Many times when we read about a new discovery in or genetics physical anthropology, Svante Pääbo’s name is attached. Pääbo, a biologist, is frequently in the news in his capacity as director of the Max Planck Institute for Evolutionary Anthropology . In March, 2010, in Denisova cave in Southern Siberia Pääbo and his department may have identified a third member of the homo family. Neither Neandertal nor Sapiens this new group may have a genome related to Melanesians.
A 30,000-year-old finger bone found in a cave in southern Siberia came from a young girl who was neither an early modern human nor a Neanderthal, but belonged to a previously unknown group of human relatives, called “Denisovans” after the cave where the fossils were found, who may have lived throughout much of Asia during the late Pleistocene epoch.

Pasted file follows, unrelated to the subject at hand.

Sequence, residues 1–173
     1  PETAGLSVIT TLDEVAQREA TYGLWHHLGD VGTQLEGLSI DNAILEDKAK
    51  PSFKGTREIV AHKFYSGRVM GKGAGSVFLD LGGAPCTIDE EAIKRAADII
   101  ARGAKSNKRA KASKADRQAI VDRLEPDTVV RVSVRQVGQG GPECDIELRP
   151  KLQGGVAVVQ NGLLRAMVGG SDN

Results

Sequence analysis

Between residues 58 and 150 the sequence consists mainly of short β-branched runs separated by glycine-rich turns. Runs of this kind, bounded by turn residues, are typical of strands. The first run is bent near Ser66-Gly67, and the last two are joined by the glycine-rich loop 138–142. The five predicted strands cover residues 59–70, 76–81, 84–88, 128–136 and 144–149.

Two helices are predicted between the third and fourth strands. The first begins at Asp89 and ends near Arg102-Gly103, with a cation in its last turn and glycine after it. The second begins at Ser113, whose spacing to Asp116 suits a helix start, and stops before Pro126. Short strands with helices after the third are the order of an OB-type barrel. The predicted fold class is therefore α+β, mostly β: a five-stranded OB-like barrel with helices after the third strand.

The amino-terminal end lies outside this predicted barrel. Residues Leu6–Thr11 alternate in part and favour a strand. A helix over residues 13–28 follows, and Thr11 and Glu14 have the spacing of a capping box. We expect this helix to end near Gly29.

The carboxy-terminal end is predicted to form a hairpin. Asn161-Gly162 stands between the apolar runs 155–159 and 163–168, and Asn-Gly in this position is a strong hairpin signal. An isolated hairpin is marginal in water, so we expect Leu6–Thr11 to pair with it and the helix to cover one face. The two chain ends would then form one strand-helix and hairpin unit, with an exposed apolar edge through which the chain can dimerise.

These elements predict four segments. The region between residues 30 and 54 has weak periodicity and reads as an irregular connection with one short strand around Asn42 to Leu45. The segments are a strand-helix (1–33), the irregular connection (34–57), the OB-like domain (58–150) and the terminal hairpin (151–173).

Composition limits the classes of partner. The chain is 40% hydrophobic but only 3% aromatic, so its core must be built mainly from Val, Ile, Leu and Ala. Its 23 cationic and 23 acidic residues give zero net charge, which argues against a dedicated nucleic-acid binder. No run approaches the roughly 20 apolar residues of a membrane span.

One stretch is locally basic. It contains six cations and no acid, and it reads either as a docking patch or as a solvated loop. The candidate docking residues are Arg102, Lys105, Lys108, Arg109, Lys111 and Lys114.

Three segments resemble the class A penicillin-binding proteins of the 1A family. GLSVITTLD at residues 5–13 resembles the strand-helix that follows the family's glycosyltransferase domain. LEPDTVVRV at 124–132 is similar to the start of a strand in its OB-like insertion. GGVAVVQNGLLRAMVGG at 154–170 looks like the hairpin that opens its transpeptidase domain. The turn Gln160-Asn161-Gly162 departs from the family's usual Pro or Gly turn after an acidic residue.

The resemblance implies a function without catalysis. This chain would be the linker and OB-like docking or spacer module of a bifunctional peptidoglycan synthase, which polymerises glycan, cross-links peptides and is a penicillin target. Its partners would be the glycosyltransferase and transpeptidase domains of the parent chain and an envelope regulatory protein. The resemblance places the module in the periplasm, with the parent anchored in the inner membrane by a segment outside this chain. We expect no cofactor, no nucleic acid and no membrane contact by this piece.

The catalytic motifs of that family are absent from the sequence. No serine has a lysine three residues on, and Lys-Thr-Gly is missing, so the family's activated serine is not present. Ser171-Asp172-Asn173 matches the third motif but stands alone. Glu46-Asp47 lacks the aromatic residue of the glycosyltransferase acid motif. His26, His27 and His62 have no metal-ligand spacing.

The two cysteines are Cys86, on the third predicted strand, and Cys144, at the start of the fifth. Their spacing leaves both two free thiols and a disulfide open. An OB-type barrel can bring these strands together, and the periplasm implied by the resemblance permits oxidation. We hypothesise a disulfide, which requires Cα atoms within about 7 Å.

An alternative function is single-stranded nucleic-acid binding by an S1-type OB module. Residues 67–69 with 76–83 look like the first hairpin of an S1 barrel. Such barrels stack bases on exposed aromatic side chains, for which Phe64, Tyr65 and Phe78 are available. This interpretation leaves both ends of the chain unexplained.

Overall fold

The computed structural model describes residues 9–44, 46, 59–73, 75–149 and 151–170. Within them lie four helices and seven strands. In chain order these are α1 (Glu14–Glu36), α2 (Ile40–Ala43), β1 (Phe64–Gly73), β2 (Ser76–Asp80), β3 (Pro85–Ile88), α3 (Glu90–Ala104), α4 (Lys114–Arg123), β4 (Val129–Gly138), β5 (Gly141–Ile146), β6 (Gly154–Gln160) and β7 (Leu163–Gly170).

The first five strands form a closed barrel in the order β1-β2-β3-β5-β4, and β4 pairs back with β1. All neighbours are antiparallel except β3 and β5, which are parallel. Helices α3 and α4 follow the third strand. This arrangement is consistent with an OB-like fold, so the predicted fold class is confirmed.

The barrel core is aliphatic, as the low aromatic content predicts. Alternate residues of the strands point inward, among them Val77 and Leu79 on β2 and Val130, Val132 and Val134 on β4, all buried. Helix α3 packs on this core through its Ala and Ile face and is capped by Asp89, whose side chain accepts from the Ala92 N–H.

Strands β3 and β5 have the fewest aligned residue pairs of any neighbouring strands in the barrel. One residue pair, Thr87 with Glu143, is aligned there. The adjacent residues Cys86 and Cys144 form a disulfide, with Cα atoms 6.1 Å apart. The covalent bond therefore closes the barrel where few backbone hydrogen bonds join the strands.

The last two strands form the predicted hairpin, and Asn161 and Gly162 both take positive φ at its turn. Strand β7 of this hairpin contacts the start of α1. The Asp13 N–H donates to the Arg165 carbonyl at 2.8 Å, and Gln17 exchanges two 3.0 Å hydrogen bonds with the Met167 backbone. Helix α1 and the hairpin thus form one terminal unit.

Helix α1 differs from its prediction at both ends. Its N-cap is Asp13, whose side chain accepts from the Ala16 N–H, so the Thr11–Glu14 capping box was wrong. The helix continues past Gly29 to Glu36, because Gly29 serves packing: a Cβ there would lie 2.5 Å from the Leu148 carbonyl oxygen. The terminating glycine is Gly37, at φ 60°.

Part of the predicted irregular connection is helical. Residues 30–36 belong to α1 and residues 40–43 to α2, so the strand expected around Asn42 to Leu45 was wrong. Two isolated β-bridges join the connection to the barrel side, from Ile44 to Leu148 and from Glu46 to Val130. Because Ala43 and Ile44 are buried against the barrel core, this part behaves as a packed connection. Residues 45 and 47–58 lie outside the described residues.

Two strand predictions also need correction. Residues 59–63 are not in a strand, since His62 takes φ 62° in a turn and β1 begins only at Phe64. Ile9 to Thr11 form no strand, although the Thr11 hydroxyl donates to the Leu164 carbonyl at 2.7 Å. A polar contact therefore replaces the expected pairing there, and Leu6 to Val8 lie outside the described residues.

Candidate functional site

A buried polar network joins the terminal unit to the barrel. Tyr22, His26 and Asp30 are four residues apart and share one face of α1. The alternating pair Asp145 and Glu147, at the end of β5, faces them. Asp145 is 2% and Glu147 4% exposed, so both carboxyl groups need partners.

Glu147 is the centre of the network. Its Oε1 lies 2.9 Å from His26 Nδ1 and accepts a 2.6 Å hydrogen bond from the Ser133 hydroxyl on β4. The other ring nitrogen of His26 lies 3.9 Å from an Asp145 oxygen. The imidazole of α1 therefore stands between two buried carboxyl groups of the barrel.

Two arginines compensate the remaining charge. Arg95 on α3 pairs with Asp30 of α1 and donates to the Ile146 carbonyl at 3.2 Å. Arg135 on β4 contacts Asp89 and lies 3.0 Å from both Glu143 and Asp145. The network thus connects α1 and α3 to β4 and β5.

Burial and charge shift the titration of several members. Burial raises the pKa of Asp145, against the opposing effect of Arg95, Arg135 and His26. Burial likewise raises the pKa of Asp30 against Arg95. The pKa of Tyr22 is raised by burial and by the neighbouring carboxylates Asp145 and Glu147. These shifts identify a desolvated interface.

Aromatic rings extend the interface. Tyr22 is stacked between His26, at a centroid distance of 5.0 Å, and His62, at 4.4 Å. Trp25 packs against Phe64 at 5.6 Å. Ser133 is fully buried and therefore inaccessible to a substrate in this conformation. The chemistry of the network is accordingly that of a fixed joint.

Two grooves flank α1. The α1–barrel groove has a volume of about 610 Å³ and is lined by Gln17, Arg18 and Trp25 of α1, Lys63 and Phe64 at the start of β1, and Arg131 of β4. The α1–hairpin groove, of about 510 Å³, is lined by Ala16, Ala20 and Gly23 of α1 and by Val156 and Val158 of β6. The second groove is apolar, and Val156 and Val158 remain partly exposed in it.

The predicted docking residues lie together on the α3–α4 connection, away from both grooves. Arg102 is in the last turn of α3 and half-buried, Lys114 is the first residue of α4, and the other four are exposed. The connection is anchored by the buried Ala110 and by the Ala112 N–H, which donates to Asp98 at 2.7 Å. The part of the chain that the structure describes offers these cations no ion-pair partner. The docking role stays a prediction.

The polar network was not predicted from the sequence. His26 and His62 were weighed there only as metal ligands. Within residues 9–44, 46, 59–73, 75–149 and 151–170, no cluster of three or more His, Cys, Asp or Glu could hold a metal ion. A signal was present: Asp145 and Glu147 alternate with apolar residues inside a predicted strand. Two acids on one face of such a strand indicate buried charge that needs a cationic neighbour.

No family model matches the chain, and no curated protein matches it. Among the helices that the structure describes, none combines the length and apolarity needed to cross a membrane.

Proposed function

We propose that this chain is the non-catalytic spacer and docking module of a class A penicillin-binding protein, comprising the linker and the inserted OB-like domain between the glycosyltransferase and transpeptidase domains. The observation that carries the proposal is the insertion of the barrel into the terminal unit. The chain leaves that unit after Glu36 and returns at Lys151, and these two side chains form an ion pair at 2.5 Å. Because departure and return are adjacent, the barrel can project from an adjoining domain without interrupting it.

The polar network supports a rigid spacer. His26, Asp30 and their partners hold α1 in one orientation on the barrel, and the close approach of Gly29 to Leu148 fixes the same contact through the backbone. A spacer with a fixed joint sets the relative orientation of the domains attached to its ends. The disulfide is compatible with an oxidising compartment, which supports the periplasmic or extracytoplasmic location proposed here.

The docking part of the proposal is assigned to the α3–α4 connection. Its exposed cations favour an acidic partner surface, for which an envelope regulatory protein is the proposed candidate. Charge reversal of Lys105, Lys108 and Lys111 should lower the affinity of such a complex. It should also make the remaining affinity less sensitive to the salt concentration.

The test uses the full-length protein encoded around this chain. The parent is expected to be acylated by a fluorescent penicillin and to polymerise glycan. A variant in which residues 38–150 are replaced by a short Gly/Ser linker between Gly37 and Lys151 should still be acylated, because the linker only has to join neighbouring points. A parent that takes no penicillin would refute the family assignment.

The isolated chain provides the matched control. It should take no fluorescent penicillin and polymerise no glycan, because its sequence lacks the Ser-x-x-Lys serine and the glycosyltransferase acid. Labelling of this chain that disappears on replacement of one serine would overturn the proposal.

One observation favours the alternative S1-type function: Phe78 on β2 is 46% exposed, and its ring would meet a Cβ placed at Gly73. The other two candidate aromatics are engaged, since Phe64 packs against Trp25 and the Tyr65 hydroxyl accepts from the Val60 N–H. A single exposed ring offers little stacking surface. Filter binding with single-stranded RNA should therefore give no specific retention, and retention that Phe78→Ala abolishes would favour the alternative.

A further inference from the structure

Biblical Adam, First Man
Adam, first man per Bible records, archaeology dates him to 14,000 BP. Although the fossil evidence consists of just a bone fragment and one tooth, DNA extracted from the bone has yielded a draft genome sequence, enabling scientists to reach some startling conclusions about this extinct branch of the human family tree.
Comparing the Denisovan genome sequence with the genomes of Neanderthals and modern humans, the researchers determined that the Denisovans were a sister group to the Neanderthals, descended from the same ancestral population that had separated earlier from the ancestors of present-day humans.
The study also found surprising evidence of Denisovan gene sequences in modern-day Melanesians, suggesting that there was interbreeding between Denisovans and the ancestors of Melanesians, just as Neanderthals appear to have interbred with the ancestors of all modern-day non-Africans.